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SportsTerpsTracking the Terps

Rebounding key for Terps, a smaller rotation and Evan Smotrycz

BasketballMaryland TerrapinsFlorida State SeminolesVirginia CavaliersNorth Carolina State WolfpackMark Turgeon

Welcome to a second season of Morning Shootaround. We will follow the Terps throughout the 2013-14 season, but this year in this space we will provide a look ahead rather than looking back. We will try to analyze Maryland's strengths and weaknesses, as well as those of its upcoming opponent. We also hope to provide quotes and anecdotes from practices to give some idea of what Mark Turgeon and his team are doing.

Here are a few things to watch as the Terps get ready to play Virginia in Charlottesville on Monday.

ON THE REBOUND

Mark Turgeon knew that his team dodged a rather obvious bullet during Saturday’s 83-71 win over Florida State.

The Seminoles turned their 20 offensive rebounds -- nearly twice their season’s average -- into just 20 points, and Florida State coach Leonard Hamilton lamented the fact that his team missed numerous chances for easy points around the rim.

“Historically, my teams rebound well, and this team hasn’t done it,” said Turgeon, whose Terps are third in offensive rebounds per game (12.83), seventh in defensive rebounds (25.09) and sixth in rebounding margin (plus 4.6). “Our big guys are not very tall. That’s no excuse. We need to rebound better than we have. Twenty offensive rebounds is too many no matter who you’re playing.” 

Despite its size, including two 7-footers, Florida State is ranked near or at the bottom of the Atlantic Coast Conference in several rebounding categories. Conversely, a Virginia team that is not nearly as tall or athletic is ranked second in rebound margin (plus 6.7) and defensive rebounds (29.9).

It could negate one of Maryland’s strengths, since the Terps rank behind only Syracuse and North Carolina in offensive rebounding in the conference. After getting double-digit offensive rebounds in 17 of their first 19 games, the Terps have averaged just six over the last five games.

After getting outrebounded, 19-12, overall in the first half, including 10-1 on the offensive boards, the Terps held their own with the Seminoles in the second half. Maryland was even with Florida State, 17-17, and down just 10-7 on the offensive boards after the break.

Asked about the difference in his team’s recent rebounding compared to earlier in the season, Turgeon said on a conference call Sunday: “It’s a combination. We’re not rebounding as well, and I think we’ve played against some really good rebounding teams. And we’re playing against another good one tomorrow night that’s going to box out every time and be very disciplined.”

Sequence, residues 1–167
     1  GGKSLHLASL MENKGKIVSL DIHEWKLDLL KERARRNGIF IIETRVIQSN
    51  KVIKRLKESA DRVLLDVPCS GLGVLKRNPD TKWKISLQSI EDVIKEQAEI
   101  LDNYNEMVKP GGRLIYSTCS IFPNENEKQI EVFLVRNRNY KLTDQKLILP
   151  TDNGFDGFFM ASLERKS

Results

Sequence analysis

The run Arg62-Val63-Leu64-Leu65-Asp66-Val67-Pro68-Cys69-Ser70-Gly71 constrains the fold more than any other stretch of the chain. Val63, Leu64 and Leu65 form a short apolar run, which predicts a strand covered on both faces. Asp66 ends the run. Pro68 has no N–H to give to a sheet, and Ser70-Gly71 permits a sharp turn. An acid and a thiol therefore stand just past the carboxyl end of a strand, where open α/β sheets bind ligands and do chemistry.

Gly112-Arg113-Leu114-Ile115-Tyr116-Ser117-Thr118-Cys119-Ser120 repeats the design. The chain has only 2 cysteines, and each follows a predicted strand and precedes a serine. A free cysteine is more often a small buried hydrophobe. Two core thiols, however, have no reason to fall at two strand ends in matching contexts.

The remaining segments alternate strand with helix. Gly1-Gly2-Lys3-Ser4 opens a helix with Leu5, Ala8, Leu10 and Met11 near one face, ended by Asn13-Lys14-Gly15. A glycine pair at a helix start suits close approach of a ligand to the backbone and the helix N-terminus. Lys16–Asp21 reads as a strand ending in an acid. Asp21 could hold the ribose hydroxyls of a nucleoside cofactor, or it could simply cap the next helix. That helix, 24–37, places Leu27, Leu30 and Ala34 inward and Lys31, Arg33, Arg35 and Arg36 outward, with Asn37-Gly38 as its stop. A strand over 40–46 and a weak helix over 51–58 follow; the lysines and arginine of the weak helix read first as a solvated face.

SHORTENING THE ROTATION

Whether by design or necessity, the Terps have gone from going 10-deep earlier this season to an eight-man rotation. The team’s two freshmen, point guard Roddy Peters and center Damonte Dodd, are apparently the odd men out for the time being.

Dodd, who had his most promising performance when he scored six points, pulled down four rebounds and blocked a shot in a season-high 14 minutes of a Jan. 20 loss at North Carolina State, didn’t play for the second straight game Saturday.

Peters, who started eight straight games and averaged nearly 20 minutes per game through a Jan. 11 loss at Florida State, played a season-low three minutes Saturday against the Seminoles. He came in twice, once for less than a minute in the first half.

Turgeon made it clear after practice Friday that Dodd was not in the current rotation, and showed his obvious displeasure with Peters by pulling him so quickly despite the fact that Evan Smotrycz airballed a wide-open 3-point attempt on one possession and Charles Mitchell scored on the other.

“I think we had to do what we had to do [Saturday], hopefully we’ll be a little deeper [Monday],” Turgeon said on the conference call. “Hopefully Roddy will be able to give us some good minutes and make us a little deeper.

“With [Mike] Tobey on the floor, would I be afraid to play Damonte? Maybe not. We have to be a deeper team [against Virginia] than we were Saturday. We got really tired at the end of the game, and it showed by the way we played. We need a little more depth to be successful.”

Part of their lack of playing time against Florida State had to do with what those ahead of them were doing. Sophomore point guard Seth Allen scored a career-high 32 points in 35 minutes, and sophomore Shaquille Cleare and junior Jon Graham combined for 10 rebounds in 27 minutes.

“I think that’s the most active Shaq’s been,” Turgeon said.

EVAN SMOTRYCZ’S DAY OFF

Smotrycz looked badly out of sorts against the Seminoles. He missed all four shots he tried -- two of them airballs on wide-open 3-point shots -- and the team’s second-leading rebounder had just one rebound in 19 minutes.

It was the fewest minutes Smotrycz played since early in the season.

His four-point output -- on six free-throw attempts -- matched his second lowest total of the season. His one rebound matched his worst game on the boards. It was surprising, since Smotrycz had scored in double-figures in four of his five games while shooting 22 of 41 overall, including 10 of 18 on 3-pointers.

“I think he never got in the flow,” Turgeon said Sunday. “He got into foul trouble, we were winning and I didn’t put him back in, and then I put him in and he shot the two airballs, so I took him out. Sometimes you have days like that, you’ve just got to move on and hopefully he’ll be ready tomorrow night. Good thing is we didn’t need him.”

don.markus@baltsun.com

Copyright © 2014, The Baltimore Sun
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BasketballMaryland TerrapinsFlorida State SeminolesVirginia CavaliersNorth Carolina State WolfpackMark Turgeon
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